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If you’ve been keeping up with Ghibli movies in the past few years, you might know that the studio we all know for classics like My Neighbor Totoro and Spirited Away is coming out with a new movie called When Marnie Was There.

Or maybe you’ve been living under a rock and you have absolutely no idea that Ghibli’s been releasing new movies since the last one you watched.

If that last one is you, here’s an article to bring you up to speed–all about the new movie Marnie and a quick recap of Ghibli’s movies since 2008 that might have flown under your radar.

When Marnie Was There

Film distributor TOHO announced its 2014 lineup on Thursday, and revealed that Studio Ghibli’s next film will be an adaptation of Joan G. Robinson’s English children’s novel classic When Marnie Was There (Omoide no Marnie) next summer. Hiromasa Yonebayashi is returning to direct his second film after 2010’s The Secret World of Arrietty.

A summary of the book:

Anna hasn’t a friend in the world – until she meets Marnie among the sand dunes. But Marnie isn’t all she seems…An atmospheric ghost story about friendship, families and loneliness. Sent away from her foster home one long, hot summer to a sleepy Norfolk village by the sea, Anna dreams her days away among the sandhills and marshes. She never expected to meet a friend like Marnie, someone who doesn’t judge Anna for being ordinary and not-even-trying. But no sooner has Anna learned the loveliness of friendship than Marnie vanishes…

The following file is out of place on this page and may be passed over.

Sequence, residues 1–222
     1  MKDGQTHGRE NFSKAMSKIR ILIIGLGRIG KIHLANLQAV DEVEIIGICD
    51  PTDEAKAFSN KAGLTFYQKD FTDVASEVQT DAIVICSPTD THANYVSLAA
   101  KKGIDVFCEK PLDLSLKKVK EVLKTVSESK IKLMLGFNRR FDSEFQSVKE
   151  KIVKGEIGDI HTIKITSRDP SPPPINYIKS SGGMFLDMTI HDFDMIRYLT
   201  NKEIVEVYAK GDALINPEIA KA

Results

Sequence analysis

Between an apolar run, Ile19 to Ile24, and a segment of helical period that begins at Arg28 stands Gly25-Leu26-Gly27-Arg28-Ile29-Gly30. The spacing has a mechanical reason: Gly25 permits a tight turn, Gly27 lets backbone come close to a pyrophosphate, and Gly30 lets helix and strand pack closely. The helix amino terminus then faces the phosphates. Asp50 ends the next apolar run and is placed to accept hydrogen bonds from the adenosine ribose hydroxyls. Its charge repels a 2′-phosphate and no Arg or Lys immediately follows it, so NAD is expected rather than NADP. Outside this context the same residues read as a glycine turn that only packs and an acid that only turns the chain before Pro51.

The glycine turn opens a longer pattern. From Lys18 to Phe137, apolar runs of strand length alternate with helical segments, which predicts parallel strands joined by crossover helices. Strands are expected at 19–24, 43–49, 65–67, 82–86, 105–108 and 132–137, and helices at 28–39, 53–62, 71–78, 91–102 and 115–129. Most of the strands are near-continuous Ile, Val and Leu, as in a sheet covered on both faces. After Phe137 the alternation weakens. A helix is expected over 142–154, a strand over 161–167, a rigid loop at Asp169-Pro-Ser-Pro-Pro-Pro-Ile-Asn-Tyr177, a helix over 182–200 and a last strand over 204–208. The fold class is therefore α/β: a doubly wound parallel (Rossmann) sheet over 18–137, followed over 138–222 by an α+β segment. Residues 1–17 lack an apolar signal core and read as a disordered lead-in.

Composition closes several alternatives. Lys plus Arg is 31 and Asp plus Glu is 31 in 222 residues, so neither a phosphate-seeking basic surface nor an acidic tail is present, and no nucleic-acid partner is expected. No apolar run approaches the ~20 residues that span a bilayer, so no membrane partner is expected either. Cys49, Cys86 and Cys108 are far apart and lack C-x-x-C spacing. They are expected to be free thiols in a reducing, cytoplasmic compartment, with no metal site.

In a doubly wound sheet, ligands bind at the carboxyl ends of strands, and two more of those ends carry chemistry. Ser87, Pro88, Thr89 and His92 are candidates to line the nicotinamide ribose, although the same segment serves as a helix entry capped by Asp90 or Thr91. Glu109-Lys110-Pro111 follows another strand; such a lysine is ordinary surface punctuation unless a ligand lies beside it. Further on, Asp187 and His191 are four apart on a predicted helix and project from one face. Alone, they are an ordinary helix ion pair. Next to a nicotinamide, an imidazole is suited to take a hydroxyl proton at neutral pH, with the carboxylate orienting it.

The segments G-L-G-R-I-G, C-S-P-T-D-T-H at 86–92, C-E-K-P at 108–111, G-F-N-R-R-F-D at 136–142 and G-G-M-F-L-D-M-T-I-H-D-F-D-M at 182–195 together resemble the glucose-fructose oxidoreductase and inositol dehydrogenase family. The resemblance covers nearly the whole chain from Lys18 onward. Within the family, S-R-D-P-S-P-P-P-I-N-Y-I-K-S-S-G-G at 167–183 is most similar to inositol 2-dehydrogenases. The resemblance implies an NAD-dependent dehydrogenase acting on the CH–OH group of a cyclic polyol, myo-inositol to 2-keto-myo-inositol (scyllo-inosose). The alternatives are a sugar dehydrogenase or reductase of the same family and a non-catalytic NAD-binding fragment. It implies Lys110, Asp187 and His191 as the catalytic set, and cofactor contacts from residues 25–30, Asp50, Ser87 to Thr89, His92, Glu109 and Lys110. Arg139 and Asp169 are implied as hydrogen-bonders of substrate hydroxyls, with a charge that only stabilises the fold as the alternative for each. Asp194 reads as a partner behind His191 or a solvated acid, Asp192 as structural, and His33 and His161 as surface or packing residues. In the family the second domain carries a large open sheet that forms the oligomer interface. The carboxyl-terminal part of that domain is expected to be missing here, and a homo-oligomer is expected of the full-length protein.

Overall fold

And the trailer:

The two main lead voices of the movie, Anna and Marnie, are played by Sara Takatsuki and Kasumi Arimura, respectively.

What is most remarkable about Marnie is that this will be the first Studio Ghibli film without the involvement of either of its co-founders, the ubiquitous Hayao Miyazaki and Isao Takahata. Miyazaki’s last film was The Wind Rises, which was released in 2013, and Takahata’s was The Tale of Princess Kaguya, which was also released in 2013. Marnie was done by Ghibli veterans, but not with Miyazaki or Takahata’s guidance, which has lead every other film from Ghibli since its conception.

If you have absolutely no idea what The Wind Rises or The Tale of Princess Kaguya is, then here’s a quick look in the recent past.

2008: Ponyo on the Cliff by the Sea (Gake no ue no Ponyo)

Ponyo (崖の上のポニョ Gake no Ue no Ponyo, literally “Ponyo on the Cliff”), initially titled in English as Ponyo on the Cliff by the Sea, is a 2008 Japanese animated fantasy film written and directed by Hayao Miyazaki of Studio Ghibli and Toho. It is Miyazaki’s eighth film for Ghibli, and his tenth overall. The plot centers on a goldfish named Ponyo who befriends a five-year-old human boy, Sōsuke, and wants to become a human girl.

2010: The Secret World of Arrietty (Karigurashi no Arietti)